Communicating data insights requires a nuanced approach, especially when the audience ranges from technical leaders within specific departments to top executives like CEOs. Understanding how to tailor these communications is crucial for ensuring the message is not only heard but also acted upon.

When engaging with departmental or operationally focused leaders, such as those in engineering, the conversation often demands a higher level of detail. These leaders are deeply embedded in their specific areas of the business and appreciate insights that are directly relevant to their ongoing challenges and projects. They expect the data story to be closely tuned to their specific context, often requiring a subset of the overall data that speaks directly to their operational realities.

Conversely, conversations with CEOs or company founders necessitate a different approach. These high-level executives prefer to quickly grasp the essence of the problem but focus more extensively on discussing potential solutions. They are less interested in the minutiae of the issue and more in understanding what needs to be done to resolve it.

Thus, when presenting to this audience, the emphasis should shift significantly towards actionable insights. The time spent delineating the problem might be minimal, about 10%, with the majority of the discussion dedicated to exploring solutions and what support is needed from top leadership to implement them.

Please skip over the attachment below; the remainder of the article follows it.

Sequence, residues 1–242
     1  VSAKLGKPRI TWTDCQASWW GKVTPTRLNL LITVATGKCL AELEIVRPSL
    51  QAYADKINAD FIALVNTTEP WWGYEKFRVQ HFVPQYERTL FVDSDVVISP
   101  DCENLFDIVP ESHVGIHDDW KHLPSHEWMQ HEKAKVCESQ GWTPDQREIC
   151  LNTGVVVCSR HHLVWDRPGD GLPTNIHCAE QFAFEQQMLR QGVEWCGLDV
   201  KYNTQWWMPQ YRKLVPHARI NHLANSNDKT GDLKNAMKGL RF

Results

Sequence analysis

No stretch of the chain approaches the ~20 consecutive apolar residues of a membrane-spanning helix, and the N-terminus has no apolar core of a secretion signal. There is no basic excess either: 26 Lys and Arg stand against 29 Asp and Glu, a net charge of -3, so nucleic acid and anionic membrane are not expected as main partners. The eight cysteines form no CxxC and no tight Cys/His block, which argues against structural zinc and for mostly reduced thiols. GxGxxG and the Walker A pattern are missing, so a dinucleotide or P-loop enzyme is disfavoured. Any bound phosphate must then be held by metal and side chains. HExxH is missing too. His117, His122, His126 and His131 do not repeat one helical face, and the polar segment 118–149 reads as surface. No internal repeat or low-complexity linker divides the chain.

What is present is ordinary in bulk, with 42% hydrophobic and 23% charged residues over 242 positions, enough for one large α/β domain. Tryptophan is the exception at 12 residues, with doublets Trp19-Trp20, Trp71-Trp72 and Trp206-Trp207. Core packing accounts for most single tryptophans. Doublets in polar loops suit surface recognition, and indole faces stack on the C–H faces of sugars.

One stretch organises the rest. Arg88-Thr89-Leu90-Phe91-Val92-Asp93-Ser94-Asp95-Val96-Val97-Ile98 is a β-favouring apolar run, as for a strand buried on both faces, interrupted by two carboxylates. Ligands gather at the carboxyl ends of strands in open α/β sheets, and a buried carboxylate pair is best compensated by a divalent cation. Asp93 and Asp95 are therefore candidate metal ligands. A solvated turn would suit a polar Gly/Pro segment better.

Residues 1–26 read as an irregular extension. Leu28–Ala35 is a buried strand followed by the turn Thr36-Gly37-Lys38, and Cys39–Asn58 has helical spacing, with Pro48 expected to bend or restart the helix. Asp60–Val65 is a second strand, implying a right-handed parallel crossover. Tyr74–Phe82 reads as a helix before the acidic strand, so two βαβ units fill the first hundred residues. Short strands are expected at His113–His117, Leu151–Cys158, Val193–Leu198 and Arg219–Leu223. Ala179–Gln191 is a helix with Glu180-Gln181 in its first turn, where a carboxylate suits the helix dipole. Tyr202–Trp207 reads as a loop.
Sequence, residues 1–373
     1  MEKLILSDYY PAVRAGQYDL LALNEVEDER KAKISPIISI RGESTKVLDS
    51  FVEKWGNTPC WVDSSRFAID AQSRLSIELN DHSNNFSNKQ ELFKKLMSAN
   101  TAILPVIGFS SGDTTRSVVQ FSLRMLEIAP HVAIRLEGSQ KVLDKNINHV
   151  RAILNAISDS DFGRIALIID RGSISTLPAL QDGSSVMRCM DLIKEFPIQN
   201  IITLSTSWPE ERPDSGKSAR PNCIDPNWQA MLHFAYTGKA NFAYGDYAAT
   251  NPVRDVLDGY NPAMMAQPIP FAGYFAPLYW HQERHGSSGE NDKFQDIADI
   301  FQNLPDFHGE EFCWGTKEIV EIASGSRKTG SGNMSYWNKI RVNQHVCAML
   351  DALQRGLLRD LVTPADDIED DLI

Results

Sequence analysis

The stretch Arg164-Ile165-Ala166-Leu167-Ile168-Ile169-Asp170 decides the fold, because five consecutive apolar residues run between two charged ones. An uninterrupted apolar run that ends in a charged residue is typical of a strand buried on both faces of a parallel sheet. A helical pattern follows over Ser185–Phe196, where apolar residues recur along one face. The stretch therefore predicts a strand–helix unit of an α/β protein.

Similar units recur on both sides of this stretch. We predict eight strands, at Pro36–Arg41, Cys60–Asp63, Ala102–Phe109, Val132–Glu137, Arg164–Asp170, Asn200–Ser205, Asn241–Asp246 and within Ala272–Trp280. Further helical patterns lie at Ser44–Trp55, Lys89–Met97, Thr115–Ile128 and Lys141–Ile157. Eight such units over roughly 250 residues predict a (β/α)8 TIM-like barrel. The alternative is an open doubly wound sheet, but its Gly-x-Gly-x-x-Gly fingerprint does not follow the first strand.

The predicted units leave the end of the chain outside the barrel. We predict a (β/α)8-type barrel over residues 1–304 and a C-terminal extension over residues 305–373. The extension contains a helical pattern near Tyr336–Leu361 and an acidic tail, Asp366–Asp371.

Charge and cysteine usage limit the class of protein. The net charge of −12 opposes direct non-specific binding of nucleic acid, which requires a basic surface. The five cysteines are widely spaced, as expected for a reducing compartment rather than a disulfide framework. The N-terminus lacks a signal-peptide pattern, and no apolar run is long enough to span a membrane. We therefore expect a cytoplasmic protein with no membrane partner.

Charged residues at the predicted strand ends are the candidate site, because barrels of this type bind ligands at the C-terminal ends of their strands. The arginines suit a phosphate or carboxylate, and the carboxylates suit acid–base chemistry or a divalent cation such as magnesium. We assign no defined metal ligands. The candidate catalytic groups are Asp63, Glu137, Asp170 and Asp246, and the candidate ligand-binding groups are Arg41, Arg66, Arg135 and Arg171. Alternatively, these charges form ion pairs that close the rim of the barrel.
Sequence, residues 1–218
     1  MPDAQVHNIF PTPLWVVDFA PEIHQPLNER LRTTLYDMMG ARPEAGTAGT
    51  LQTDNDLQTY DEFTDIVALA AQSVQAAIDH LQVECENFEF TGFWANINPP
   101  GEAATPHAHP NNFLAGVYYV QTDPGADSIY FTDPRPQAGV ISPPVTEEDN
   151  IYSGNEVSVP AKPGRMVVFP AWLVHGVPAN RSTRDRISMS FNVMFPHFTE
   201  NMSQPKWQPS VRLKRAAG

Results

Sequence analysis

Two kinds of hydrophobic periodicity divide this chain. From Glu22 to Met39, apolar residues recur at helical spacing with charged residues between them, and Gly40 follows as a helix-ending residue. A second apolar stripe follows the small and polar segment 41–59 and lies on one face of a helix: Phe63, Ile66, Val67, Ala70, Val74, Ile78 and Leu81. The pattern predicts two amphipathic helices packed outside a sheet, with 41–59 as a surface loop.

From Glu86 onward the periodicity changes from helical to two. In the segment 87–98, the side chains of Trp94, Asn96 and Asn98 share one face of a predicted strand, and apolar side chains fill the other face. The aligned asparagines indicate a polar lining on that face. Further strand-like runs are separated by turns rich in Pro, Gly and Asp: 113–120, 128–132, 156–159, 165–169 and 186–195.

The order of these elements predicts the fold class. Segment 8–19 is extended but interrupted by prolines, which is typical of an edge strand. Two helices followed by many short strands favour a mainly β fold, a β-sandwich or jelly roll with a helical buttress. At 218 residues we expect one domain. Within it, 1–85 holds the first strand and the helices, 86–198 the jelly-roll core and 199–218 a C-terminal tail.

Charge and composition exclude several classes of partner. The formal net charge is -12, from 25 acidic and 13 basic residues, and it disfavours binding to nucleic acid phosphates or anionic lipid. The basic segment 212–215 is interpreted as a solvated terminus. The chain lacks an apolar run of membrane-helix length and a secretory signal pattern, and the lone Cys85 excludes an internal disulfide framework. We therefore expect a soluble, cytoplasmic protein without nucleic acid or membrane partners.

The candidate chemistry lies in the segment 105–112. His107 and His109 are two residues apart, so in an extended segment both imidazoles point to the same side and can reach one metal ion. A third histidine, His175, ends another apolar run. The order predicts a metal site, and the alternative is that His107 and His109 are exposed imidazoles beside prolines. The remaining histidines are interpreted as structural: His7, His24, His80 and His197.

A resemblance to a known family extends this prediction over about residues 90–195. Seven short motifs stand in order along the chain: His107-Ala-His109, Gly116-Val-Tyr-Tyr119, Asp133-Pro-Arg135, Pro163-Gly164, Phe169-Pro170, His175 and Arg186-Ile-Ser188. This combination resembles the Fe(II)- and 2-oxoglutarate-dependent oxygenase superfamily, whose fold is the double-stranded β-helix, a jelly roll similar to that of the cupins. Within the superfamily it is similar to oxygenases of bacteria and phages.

Entering conversations with top executives, the mindset should be centered on the question, "What do you need from me to help you?" This perspective ensures that the storytelling is geared towards eliciting a decision or support, rather than merely sharing updates or insights. For example, a pitch for resources to expand staffing, framed in the context of its potential return on investment, is more likely to be successful when it clearly connects the dots between the immediate needs and the long-term benefits for the business.

The goal of these communications should always be clear before entering the room: what is the desired outcome of this conversation? This forward-thinking approach helps in crafting a narrative that goes beyond a simple status update, which is of limited interest to CEOs. They are looking for the "Now what?"—the next steps that the organization needs to take.

Preparation involves more than just assembling data; it's about testing the narrative, seeking feedback from trusted peers, and being ready to adapt the story based on the executive's response or questions. Such readiness includes acknowledging when an answer isn't immediately available, with a commitment to follow up with the necessary information.